This uniquely Canadian exception has been dubbed the “YouTube” or “mash-up” exception because it allows users to take copyright materials, such as music, to create new materials, such as personal videos, and share them with others (e.g., using social media) without fear of infringing the original artist’s copyright. In order for this exception to apply, the source of the original content must also be mentioned (where reasonable) and the user must believe that the source material was non-infringing. As well, the mash-up cannot have a substantially adverse financial or other effect on the copyright holder’s ability to use its own material.
Expanding Rights for Private Copying
A new section of the Copyright Act (29.22) gives individual users the right to reproduce copies of legally obtained copyrighted works, such as music from purchased CDs, for private purposes on a digital medium or device such as an MP3 player. This is often referred to as “format-shifting”. This right is subject to certain limitations, however. The copy used to make the reproduction must not be an infringing copy; the copying must not involve circumventing any TPMs; and the individual user must not give the reproduction away. Essentially, this provision legitimizes the common practice of transferring CDs to an iPod. It does not, however, allow a user to copy music onto an iPod if the music is from a borrowed CD.
Another new section (29.23) introduces a time-shifting exception which makes it permissible to make a single copy of a broadcast program for later viewing. This is known as “time-shifting”, but the exception is popularly referred to as the “TiVo exception”. As with the format-shifting exception, however, certain limitations apply.
In addition, new section 29.24 allows users to make a backup copy of copyright material that has been legally acquired for personal use if they have done so solely for the purpose of protecting against damage or loss. Obviously, this exception does not apply if a TPM has been circumvented in the process of making a back-up copy.
These changes are significant for members of the Canadian public as they represent an acknowledgement by legislators of the ways in which digital media is actually being used by consumers, unlike the previous version of the Copyright Act which prohibited these types of reproductions.
Capping Statutory Damages
The amended Copyright Act now distinguishes between infringement for commercial and non-commercial purposes for purposes of a copyright owner’s ability to claim damages for infringement. The CMA did not introduce any changes to the statutory damages which may be awarded for copyright infringements made for commercial purposes.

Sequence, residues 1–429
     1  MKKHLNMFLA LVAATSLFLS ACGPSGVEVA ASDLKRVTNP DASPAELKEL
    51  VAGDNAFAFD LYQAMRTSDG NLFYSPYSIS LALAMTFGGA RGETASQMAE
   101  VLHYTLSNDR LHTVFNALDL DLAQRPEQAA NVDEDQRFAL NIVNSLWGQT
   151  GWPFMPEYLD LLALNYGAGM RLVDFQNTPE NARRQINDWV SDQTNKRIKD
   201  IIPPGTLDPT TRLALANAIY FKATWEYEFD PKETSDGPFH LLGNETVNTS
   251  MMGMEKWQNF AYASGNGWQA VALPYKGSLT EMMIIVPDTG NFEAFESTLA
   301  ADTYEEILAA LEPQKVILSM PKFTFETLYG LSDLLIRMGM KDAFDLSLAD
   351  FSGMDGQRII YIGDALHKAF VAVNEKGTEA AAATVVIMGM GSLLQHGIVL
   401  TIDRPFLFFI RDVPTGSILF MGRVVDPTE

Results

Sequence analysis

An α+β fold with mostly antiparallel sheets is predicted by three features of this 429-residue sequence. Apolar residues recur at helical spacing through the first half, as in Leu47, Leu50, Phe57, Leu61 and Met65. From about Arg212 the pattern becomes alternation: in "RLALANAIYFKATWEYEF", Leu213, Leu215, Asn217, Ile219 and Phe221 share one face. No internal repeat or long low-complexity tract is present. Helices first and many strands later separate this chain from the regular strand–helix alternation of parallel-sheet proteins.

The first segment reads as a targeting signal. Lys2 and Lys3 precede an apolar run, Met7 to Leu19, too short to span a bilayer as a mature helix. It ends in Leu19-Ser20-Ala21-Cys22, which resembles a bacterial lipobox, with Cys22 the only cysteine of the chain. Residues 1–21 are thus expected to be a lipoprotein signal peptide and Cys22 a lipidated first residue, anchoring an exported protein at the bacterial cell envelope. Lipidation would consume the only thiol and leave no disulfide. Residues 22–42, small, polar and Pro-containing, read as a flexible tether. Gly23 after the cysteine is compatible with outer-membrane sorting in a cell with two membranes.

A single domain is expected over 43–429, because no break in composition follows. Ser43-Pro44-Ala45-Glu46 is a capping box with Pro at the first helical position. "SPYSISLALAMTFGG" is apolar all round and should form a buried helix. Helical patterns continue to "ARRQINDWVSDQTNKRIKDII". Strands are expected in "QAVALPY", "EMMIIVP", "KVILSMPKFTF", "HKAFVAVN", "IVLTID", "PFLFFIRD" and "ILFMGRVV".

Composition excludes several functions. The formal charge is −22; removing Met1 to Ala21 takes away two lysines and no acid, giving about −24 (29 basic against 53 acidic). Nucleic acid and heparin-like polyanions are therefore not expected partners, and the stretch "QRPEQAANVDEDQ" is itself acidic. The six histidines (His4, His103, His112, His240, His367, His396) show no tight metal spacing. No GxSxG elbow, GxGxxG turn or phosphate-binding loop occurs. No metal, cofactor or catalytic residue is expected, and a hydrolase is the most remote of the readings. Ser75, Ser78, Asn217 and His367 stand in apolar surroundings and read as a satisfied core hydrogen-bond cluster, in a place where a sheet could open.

The Copyright Act now provides that statutory damages for non-commercial infringement will be capped at $5,000 and courts are now permitted to award as little as $100 for a single non-commercial infringement. Under the prior legislation, copyright owners could sue for statutory damages for copyright infringement of $500 to $20,000 for each act of infringement, whether the infringement was commercial or non-commercial, without having to prove that they suffered actual damage. The reduction is intended to ensure that Canadians do not face disproportionate penalties for minor infringements.
As a result of these changes, copyright holders will likely find in uneconomical to pursue court claims against individual consumers for infringements like illegally downloading a single movie or music CD. Cases currently before the courts, however, suggest that owners have not given up their fight against infringement. One strategy being pursued in Canada (as well as in the US and the UK) is for rights holders to use third party “enforcement” firms to identify the IP addresses of computers that have downloaded copyright material and then seek court orders to require the ISP to disclose the names and addresses of the customers associated with those IP addresses for purposes of making a settlement demand. This practice of “speculative invoicing” has been highly controversial in other jurisdictions but it remains to be seen how the Federal Court of Canada will respond to these types of ISP disclosure requests.
Putting the “Notice-and-Notice” Regime on Hold
The so-called “notice-and-notice” regime is a significant feature of the CMA which remains outstanding as of the date of publication of this Newsletter. New sections 41.25 and 41.26 of the Copyright Act will allow a copyright owner to send a notice of alleged infringement, in a prescribed form, to an ISP or search tool provider. The regime then requires the recipient to forward these notices “as soon as feasible” to the individual subscriber or user who is allegedly infringing the copyright and to keep records allowing those individuals to be identified.
These are just some of the changes to copyright law accomplished by the CMA. Rights holders and creators, broadcasters, Internet intermediaries and media consumers will require a more detailed analysis of how Canada’s new copyright regime will affect them and the way they do business. If you need help understanding these changes or applying copyright law to your business, please contact a member of our Business Law group.